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UI program teaches school librarians how to bring new technology into curriculum

IOWA CITY, Iowa ­ For decades school librarians have explained the Dewey Decimal System to students and taught them how to use reference materials for research. But in recent years this curriculum has been greatly expanded as new technological capabilities increased the depth of information students need in order to work comfortably in modern libraries.

In response to school librarians' need for additional training and curriculum support, the University of Iowa School of Library and Information Science is sponsoring an Institute on Teaching Information Literacy from July 13-17. The sessions take place in the library at West High School in Iowa City. Jean Donham, an assistant professor of library and information science at the UI and June Gross, librarian at The Blake School in Minneapolis are leading the institute, which has drawn 32 school library media specialists from five states.

The institute is funded by a grant from the U.S. Department of Education and will help librarians develop new curricula and lesson plans for teaching information literacy in K-12 schools. It will continue electronically during the 1998 academic year as participants communicate via a course electronic bulletin board, e-mail and a Web site. Participants will then return to Iowa City in June 1999 for a two-day wrap-up session.

"This is a chance for these professionals to gain some insight into the importance of what they teach in information rich schools," Donham said. "It also affords them the opportunity to interact with other people who do the same work."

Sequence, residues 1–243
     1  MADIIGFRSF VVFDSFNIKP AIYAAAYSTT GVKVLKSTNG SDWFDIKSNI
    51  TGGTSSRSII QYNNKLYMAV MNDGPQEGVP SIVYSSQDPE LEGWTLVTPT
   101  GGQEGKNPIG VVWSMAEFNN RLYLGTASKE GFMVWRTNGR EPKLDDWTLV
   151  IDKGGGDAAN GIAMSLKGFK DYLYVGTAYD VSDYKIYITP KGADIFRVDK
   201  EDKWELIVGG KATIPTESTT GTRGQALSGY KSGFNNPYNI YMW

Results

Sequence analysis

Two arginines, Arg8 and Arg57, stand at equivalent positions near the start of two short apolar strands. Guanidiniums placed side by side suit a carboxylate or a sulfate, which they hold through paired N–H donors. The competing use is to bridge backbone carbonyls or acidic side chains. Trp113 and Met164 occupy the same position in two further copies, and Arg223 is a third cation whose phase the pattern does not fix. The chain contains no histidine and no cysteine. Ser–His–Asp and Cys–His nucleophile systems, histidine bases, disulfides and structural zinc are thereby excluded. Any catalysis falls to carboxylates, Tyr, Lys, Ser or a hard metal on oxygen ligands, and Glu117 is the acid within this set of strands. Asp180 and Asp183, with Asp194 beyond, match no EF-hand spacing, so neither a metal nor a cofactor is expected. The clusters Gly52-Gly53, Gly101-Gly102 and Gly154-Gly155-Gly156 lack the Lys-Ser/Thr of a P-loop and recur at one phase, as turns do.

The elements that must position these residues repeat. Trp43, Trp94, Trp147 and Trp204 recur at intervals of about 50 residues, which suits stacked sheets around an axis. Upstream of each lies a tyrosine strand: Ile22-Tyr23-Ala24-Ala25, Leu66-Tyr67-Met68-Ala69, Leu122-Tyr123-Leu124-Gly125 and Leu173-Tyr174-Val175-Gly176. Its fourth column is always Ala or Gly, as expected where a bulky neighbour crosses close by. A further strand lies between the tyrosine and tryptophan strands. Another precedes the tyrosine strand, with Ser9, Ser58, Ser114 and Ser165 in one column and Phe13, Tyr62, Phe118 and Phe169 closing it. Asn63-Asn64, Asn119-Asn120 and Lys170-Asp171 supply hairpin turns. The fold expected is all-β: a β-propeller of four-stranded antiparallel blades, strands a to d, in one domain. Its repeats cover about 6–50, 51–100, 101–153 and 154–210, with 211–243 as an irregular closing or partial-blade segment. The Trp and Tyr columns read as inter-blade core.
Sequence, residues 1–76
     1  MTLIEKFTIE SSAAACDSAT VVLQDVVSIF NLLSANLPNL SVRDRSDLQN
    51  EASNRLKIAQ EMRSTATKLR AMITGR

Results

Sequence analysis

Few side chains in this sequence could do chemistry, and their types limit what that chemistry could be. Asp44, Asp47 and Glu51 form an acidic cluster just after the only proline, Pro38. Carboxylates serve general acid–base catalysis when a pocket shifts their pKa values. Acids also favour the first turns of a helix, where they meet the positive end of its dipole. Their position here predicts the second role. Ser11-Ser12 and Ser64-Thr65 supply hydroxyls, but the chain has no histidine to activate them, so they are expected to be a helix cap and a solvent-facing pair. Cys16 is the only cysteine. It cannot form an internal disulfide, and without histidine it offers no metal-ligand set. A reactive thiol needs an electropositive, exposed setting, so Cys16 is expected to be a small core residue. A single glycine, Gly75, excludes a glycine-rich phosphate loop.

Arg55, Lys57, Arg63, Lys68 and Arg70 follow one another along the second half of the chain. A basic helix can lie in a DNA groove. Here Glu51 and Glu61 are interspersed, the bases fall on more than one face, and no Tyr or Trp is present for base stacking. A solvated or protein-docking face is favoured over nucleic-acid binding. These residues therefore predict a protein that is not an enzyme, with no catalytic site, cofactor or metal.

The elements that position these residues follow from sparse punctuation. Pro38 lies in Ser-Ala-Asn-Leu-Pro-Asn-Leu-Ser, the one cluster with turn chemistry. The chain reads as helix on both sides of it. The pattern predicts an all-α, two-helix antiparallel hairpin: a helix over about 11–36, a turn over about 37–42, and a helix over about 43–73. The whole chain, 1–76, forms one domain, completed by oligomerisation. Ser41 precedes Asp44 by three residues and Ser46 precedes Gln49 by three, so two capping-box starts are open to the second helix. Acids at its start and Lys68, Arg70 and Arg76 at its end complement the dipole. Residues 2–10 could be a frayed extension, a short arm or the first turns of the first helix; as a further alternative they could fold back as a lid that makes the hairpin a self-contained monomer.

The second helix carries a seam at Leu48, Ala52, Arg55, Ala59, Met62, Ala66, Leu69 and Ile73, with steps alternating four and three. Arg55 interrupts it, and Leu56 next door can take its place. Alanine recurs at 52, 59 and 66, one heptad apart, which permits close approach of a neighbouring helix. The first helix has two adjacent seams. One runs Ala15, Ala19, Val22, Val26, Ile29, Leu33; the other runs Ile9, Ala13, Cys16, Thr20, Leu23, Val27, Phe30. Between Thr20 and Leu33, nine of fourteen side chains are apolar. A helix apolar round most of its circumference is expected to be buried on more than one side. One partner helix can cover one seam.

School librarians are charged with making sure students are "information literate," meaning they have the ability to locate, evaluate, and use information to solve problems or make decisions. In the age of information overload from the Internet and other electronic resources, information literacy has taken on the added dimension of being able to sort out good information from bad. "Because so much information is available to kids today, these skills become more critical than ever before," Donham said.

Donham said the UI institute coincides with the release of new national Standards for Information Literacy for Students K-12, jointly published at the end of June by the American Association of School Librarians and the Association for Educational Communication and Technology. The institute will focus attention on these standards and how to develop curricula for teaching them.

Donham prepared the grant application under a provision of the Education Department's Higher Education Act Title II-B program that designates funds for re-training library professionals. This is the first time the UI department of library and information sciences has won this type of grant.